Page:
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Teenagers to benefit from workplace pension age changes

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Millions of teenagers are expected to be brought into retirement saving in Britain following the parliamentary passage of landmark changes to workplace pension rules.

Employers are currently obliged to enrol workers automatically into a workplace pension plan, and make contributions to it on their behalf, only if the employee is aged 22 or older, and meets earnings’ criteria.

But reforms, which this week cleared parliament and received Royal Assent, provide for the workplace pension age limit to be lowered to age 18.

In addition, the changes will remove a salary threshold at which pension contributions are calculated, meaning auto-enrolled workers will potentially have hundreds of pounds contributed to their pension pots, from their salary and their employer.

“The ability to start saving four years earlier will boost the pension that people retire on by tens of thousands of pounds and, when combined with removing the lower earnings limit, the changes will make a significant difference to people’s retirement outlook,” said Standard Life, a pension provider.

Under the changes, the so-called “lower earnings band” or point at which pension contributions are calculated by the employer and employee, will be removed. Currently, this band is £6,240 a year.

Rachel Vahey, head of policy development at AJ Bell, an investment platform, said the changes marked a significant step in improving outcomes for millions of savers.

“Back in 2017, the government promised to make these fundamental changes to lower the age limit and count from the first pound of earnings,” said Vahey.

“Removing the lower earnings band of £6,240 means increasing pension contributions by just under £500 a year for most automatic enrolment pension savers. This could provide a boost of over £120,000 to someone’s pension pot over the course of a 50-year career, depending on investment growth.”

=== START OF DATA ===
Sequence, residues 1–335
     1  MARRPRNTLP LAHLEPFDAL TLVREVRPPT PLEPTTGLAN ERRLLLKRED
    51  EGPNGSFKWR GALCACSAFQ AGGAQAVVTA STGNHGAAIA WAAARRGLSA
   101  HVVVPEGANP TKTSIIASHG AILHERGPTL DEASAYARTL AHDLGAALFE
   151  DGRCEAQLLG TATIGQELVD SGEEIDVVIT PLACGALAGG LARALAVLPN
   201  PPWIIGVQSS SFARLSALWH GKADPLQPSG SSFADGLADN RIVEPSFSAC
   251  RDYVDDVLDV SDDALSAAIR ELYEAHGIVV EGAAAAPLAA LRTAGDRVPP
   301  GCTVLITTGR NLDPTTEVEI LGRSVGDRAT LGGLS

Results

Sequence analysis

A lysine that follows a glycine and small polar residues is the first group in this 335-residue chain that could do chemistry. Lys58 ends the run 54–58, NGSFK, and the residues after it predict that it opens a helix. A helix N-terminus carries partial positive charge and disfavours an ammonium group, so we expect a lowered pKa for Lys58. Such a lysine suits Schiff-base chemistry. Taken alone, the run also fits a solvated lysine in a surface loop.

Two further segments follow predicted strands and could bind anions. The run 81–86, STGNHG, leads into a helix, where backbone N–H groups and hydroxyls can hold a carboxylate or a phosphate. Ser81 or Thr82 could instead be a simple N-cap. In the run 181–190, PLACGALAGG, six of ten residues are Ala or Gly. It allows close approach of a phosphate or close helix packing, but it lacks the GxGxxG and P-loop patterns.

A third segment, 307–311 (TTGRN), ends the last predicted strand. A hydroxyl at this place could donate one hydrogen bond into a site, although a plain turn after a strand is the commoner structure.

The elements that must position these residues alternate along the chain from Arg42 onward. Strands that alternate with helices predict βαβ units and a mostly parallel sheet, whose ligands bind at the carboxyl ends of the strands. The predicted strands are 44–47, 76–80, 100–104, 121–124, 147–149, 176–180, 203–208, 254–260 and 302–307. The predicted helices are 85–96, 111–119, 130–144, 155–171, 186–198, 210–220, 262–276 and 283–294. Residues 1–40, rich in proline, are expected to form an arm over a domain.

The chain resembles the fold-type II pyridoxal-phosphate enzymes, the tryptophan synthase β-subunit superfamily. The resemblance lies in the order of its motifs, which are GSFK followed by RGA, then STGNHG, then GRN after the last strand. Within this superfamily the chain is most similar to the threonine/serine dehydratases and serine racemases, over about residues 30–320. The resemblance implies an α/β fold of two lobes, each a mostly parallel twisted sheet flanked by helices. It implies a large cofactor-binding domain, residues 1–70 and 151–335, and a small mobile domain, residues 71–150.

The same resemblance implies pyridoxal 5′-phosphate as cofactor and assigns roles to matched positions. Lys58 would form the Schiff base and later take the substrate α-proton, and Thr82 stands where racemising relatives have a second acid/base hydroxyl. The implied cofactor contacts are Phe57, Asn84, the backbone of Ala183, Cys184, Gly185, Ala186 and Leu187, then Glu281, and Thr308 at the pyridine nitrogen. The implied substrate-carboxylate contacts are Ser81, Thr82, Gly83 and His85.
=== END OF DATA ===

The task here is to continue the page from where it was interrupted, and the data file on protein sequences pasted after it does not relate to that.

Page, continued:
Jonathan Gullis, the Conservative MP for Stoke-on-Trent North, who introduced the private members’ bill to extend automatic enrolment, said the changes would boost the prospects for younger people.

“Nearly 25 per cent of people in Stoke-on-Trent North, Kidsgrove and Talke are not yet auto-enrolled on a pension plan, and this piece of legislation will ensure part-timers, women, apprentices and young people have financial stability in the long term,” said Gullis.

Before the introduction of automatic enrolment in 2012, just 55 per cent of eligible employees saved into a workplace pension. By 2021 this had risen to nearly 90 per cent, with an additional £33bn saved in real terms in 2021 compared with 2012, according to government figures.

Automatic enrolment currently obliges employers to enrol eligible employees aged between 22 and state pension age (66), and earning at least £10,000 per annum into a workplace pension. Under the rules of automatic enrolment, 8 per cent of an employee’s pensionable salary must be contributed to the workplace pension with at least 3 per cent coming from the employer.

The government is expected to launch a consultation on the details of the changes, including when they might come into effect, later this year.

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